Administrative divisions of South Korea
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of South Korea
(도 道 do)
|Special autonomous province
(특별시 特別市 teukbyeol-si)
(광역시 廣域市 gwangyeok-si)
|Special autonomous city
(시 市 si)
(군 郡 gun)
(구 區 gu)
(구 區 gu)
(읍 邑 eup)
(면 面 myeon)
(동 洞 dong)
(리 里 ri)
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South Korea is divided into 8 provinces (do 도/道), 1 special autonomous province (teukbyeol jachido 특별자치도/特別自治道), 6 metropolitan cities (gwangyeoksi 광역시/廣域市), and 1 special city (teukbyeolsi 특별시/特別市). These are further subdivided into a variety of smaller entities, including cities (si 시/市), counties (gun 군/郡), districts (gu 구/區), towns (eup 읍/邑), townships (myeon 면/面), neighborhoods (dong 동/洞) and villages (ri 리/里), as explained below.
Note on translation: although the terms "Special City", "Metropolitan City", "Province", and "City" are commonly used on English-language government websites, the other translations — "county", "town", "district", etc. — are not official translations, and are only intended to serve as useful illustrations of each entity's meaning.
Official Revised Romanization of Korean spellings are used
|1||Upper level local autonomy
|Special autonomous province||특별 자치도||特別自治道||teukbyeol-jachi-do||1|
|Special autonomous city||특별 자치시||特別自治市||teukbyeol-jachi-si||1|
|2||Lower level local autonomy
^1 There are two kind of districts - autonomous districts (자치구/自治區) and non-autonomous districts (일반구/一般區).
The top tier of administrative divisions are the provincial-level divisions, of which there are five types: provinces, special autonomous provinces, special cities, metropolitan cities and special autonomous cities. The governors of the provincial-level divisions are elected every four years.
|KR-11||Seoul special city||서울특별시||서울特別市|
|KR-26||Busan metropolitan city||부산광역시||釜山廣域市|
|KR-27||Daegu metropolitan city||대구광역시||大邱廣域市|
|KR-28||Incheon metropolitan city||인천광역시||仁川廣域市|
|KR-29||Gwangju metropolitan city||광주광역시||光州廣域市|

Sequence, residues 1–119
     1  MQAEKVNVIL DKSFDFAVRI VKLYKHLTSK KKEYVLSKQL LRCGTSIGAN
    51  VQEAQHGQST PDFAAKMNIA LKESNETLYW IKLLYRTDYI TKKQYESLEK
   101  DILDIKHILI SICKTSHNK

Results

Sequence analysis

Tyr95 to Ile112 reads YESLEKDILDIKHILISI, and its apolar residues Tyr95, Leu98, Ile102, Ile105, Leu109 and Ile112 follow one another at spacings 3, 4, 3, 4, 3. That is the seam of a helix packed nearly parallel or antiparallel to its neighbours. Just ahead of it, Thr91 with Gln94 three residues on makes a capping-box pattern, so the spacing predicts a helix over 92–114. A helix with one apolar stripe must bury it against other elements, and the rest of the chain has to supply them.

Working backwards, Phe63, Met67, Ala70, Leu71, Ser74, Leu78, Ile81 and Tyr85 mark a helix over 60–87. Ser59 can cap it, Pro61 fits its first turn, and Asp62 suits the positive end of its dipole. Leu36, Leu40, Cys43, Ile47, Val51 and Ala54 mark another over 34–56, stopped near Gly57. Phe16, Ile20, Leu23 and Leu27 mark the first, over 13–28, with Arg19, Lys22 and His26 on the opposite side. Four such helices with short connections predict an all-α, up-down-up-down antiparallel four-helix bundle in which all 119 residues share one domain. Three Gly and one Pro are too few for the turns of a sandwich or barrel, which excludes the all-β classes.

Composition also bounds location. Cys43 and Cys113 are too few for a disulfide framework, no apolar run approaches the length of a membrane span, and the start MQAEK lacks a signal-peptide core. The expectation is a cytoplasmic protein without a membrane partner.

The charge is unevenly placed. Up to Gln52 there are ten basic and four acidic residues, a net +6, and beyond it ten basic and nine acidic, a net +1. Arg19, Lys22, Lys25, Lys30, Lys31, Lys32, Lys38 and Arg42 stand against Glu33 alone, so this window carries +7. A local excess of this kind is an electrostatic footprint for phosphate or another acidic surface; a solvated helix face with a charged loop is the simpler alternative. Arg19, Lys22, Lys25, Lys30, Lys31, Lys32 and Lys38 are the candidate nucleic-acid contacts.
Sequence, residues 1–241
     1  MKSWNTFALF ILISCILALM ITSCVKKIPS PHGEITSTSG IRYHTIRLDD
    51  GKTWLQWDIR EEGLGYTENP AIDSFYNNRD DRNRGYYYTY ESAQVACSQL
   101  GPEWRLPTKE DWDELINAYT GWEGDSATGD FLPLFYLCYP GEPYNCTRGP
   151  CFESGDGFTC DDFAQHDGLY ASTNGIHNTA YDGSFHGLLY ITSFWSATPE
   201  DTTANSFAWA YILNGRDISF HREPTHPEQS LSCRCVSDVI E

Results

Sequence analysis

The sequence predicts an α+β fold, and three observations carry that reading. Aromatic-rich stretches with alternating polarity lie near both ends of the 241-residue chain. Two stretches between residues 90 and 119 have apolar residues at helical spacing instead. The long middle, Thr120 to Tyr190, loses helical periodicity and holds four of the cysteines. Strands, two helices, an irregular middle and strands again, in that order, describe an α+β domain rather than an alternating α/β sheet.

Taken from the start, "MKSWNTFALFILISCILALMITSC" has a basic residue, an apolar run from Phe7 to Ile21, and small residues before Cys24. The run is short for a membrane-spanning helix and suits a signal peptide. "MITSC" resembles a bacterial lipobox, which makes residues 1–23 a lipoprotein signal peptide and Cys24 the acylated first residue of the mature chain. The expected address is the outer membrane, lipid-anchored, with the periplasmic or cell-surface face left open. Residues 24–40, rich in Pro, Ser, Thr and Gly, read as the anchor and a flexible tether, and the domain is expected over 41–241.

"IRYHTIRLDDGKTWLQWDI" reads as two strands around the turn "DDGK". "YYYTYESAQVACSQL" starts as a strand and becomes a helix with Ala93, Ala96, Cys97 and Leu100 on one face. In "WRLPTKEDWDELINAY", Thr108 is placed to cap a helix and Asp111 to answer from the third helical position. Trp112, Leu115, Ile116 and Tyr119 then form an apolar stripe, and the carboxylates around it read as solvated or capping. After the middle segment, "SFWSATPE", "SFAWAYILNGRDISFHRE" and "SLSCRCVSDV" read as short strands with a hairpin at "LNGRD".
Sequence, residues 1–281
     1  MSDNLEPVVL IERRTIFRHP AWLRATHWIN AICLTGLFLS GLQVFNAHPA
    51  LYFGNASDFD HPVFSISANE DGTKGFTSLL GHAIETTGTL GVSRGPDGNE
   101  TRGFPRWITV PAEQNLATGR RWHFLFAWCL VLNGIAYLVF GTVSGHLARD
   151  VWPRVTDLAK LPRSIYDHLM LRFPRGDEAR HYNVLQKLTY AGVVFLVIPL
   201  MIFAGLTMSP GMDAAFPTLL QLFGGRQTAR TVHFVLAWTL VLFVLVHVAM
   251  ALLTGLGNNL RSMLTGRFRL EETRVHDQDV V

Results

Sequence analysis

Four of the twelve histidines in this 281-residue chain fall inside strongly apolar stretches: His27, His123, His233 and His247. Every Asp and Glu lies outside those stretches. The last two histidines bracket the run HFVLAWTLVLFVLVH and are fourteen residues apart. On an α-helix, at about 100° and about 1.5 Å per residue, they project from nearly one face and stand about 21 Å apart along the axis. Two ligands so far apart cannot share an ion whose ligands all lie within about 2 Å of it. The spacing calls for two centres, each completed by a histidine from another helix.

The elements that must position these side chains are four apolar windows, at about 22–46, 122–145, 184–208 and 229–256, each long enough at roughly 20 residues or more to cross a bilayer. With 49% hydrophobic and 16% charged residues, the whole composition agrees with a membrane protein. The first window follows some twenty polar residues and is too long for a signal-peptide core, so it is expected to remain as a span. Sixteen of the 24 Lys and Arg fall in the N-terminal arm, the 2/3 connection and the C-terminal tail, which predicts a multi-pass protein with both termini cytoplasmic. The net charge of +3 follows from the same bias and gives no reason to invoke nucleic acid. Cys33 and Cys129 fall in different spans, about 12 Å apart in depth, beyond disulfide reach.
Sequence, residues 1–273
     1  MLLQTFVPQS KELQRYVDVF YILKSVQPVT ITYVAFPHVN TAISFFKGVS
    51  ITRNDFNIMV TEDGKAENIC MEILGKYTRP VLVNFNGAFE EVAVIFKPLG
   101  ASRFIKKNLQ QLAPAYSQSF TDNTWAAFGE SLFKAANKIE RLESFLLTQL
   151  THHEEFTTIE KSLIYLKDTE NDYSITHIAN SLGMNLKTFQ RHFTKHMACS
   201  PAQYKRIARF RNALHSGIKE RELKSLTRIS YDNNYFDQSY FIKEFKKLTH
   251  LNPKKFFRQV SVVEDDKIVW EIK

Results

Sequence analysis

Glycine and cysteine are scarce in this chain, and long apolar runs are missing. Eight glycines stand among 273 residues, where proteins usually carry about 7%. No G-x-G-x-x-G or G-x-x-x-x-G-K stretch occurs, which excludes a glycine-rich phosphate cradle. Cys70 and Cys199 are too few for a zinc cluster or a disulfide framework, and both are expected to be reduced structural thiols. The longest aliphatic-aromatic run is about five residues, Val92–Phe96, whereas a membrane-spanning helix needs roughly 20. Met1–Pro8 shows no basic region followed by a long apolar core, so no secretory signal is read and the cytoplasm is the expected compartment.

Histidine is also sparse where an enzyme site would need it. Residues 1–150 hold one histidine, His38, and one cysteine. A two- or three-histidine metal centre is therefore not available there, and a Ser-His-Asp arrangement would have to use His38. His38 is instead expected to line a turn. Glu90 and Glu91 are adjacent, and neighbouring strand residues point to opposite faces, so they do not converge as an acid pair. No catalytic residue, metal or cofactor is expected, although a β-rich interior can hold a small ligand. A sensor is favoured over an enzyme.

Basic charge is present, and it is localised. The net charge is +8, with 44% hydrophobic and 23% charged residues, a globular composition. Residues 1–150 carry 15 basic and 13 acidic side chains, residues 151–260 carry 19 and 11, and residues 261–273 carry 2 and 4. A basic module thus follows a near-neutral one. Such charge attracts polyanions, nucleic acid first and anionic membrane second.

|KR-30||Daejeon metropolitan city||대전광역시||大田廣域市|
|KR-31||Ulsan metropolitan city||울산광역시||蔚山廣域市|
|KR-??||Sejong special autonomous city||세종특별자치시||世宗特別自治市|
|KR-43||North Chungcheong Province||충청북도||忠淸北道|
|KR-44||South Chungcheong Province||충청남도||忠淸南道|
|KR-45||North Jeolla Province||전라북도||全羅北道|
|KR-46||South Jeolla Province||전라남도||全羅南道|
|KR-47||North Gyeongsang Province||경상북도||慶尙北道|
|KR-48||South Gyeongsang Province||경상남도||慶尙南道|
|KR-49||Jeju special autonomous province||제주특별자치도||濟州特別自治道|
A si (시, 市) is one of the divisions of a province, along with gun. Cities have a population of at least 150,000; once a county (gun) attains that population, it becomes a city (Gijang county in Busan is an exception). Cities with a population of over 500,000 (such as Suwon, Cheongju, and Jeonju) are divided into districts (gu); Gimhae, Hwaseong and Namyangju are noticeable exceptions to this rule. Gus are then further divided into neighborhoods (dong); cities with a population of less than 500,000 do not have wards – these cities are directly divided into neighborhoods (dong).
A gun (군; 郡) is one of the divisions of a province (along with si), and of the metropolitan cities of Busan, Daegu, Incheon and Ulsan (along with gu). A gun has a population of less than 150,000 (more than that would make it a city or si), is less densely populated than a gu, and is more rural in character than either of the other 2 divisions. Gun are comparable to British non-metropolitan districts. Counties are divided into towns (eup) and districts (myeon).